The likelihood of getting away with killing a white girl is simply much lower than if you kill a black man - society just cares less in the latter case, and so the police does as well.

Comment: Re:Goodbye free speech (Score 1) 209 209

Actually that conclusion doesn't follow even if you accept the premise. Most severe crimes are committed by repeat offenders who commit them many times - over and over.

So even if you accept the premise that prison has no deterent effect (a premise not entirely without merit I guess) it still doesn't follow that without a justice system crime rates would be unchanged - simply because it doesn't account for the crimes not committed while serving your sentence.

Comment: Re:Infinity (Score 1) 1067 1067

I mentioned the +/- zero thing in another comment elsewhere in this tree, actually! So we're all on board there.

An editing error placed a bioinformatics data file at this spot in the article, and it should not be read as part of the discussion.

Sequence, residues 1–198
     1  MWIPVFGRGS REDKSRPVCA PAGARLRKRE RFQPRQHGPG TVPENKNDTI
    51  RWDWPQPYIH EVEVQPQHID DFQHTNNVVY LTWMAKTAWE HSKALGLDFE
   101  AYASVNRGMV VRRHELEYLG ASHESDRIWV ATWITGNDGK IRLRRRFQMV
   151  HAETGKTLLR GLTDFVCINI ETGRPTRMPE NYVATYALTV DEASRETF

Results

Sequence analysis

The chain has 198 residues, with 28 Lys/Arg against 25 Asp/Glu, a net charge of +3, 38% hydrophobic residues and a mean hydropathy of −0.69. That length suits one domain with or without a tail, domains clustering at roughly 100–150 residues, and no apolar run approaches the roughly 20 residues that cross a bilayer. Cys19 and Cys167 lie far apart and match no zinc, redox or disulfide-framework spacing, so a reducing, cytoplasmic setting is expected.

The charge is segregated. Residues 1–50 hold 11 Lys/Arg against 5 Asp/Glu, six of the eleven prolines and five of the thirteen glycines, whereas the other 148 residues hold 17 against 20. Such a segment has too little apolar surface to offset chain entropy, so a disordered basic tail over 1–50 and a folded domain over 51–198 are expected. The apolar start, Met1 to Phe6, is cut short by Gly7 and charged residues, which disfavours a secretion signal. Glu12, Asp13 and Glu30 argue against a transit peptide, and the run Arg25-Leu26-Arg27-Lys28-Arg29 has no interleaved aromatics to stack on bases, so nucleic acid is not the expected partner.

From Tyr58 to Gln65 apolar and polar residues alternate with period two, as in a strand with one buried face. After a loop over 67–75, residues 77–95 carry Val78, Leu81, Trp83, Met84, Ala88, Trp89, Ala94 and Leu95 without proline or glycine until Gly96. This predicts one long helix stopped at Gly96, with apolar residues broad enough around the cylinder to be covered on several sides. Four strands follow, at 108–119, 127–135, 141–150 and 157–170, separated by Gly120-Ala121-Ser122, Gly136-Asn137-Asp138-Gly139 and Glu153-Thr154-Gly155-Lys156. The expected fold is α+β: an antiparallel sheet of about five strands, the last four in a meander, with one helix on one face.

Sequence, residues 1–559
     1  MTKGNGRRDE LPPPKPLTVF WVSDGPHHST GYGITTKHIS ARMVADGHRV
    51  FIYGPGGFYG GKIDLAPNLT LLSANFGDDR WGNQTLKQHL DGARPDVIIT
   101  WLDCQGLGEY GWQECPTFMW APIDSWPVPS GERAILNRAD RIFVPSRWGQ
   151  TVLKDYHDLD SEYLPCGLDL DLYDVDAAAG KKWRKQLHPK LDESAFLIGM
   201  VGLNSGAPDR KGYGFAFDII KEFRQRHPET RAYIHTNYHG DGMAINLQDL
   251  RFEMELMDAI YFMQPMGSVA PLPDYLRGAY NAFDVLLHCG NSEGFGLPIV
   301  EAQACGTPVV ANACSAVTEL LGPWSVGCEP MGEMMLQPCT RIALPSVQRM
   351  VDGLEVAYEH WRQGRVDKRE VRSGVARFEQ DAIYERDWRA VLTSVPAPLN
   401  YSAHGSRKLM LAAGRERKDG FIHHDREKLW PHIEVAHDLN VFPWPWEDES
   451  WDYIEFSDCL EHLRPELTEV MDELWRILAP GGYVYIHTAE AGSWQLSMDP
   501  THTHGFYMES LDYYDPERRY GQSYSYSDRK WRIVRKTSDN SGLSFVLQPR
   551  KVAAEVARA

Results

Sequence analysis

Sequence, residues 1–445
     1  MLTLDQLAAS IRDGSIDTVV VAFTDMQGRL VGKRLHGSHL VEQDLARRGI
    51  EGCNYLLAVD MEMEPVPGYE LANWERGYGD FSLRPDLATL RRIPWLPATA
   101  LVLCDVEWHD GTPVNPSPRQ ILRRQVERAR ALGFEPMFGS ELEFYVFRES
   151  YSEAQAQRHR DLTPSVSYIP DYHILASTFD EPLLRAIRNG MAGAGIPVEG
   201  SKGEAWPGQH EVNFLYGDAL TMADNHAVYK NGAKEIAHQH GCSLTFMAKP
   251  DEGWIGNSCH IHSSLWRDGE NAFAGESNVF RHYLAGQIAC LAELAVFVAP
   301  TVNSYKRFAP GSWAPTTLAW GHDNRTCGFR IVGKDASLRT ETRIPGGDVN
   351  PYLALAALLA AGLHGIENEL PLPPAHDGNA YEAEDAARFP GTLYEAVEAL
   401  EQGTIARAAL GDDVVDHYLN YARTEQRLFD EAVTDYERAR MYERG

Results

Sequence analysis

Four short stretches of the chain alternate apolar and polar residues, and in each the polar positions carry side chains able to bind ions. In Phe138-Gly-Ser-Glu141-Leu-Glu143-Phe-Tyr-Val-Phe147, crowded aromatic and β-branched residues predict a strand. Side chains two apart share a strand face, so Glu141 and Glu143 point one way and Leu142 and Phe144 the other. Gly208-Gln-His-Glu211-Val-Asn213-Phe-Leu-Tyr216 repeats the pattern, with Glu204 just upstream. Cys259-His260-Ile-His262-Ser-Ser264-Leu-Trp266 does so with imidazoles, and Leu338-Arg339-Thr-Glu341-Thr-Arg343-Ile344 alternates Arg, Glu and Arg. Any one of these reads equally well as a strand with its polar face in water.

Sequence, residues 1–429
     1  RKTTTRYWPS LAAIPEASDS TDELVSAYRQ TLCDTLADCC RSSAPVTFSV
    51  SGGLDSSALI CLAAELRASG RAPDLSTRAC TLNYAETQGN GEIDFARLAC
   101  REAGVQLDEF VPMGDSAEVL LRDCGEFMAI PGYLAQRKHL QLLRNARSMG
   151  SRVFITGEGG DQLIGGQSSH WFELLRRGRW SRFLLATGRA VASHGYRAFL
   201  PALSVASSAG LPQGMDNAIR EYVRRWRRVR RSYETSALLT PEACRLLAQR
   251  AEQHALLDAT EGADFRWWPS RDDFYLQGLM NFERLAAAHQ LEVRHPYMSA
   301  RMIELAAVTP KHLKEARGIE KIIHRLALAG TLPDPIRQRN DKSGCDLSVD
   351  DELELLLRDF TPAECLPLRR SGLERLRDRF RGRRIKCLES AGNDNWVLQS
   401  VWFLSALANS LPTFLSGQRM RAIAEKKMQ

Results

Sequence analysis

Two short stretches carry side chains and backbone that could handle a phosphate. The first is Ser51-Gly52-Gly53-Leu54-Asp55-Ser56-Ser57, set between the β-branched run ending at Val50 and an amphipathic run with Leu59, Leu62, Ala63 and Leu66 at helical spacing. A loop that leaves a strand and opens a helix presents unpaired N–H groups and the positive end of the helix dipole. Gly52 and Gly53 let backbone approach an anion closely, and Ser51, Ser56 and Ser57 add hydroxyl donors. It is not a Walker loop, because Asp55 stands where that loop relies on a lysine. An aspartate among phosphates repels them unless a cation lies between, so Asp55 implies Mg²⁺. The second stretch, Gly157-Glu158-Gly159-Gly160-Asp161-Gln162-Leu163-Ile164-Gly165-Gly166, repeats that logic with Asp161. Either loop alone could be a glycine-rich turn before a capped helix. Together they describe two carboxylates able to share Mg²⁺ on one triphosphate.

It's not really that signless infinity is a contender for 'consensus' inasmuch as number systems which use signless infinity have utilities different from systems that have signed infinities, just like integer math continues to exist despite the 'improvements' of fractions and decimals.

Comment: Re:Please fix slashdot (Score 2) 116 116

So much this.

It's such a small change but it totally screws up a flow we've had forever and which made perfect sense. Read title, read summary, read number of comments, click to read said comments. Now it's, read title, read summary, look to upper right to see number of comments, then move mouse back to title to read them (I'm sure I'm not the only one who moves the mouse along as I read).

And yeah, the weird floating videobytes thing.. that's gotta go.

Unix: Some say the learning curve is steep, but you only have to climb it once. -- Karl Lehenbauer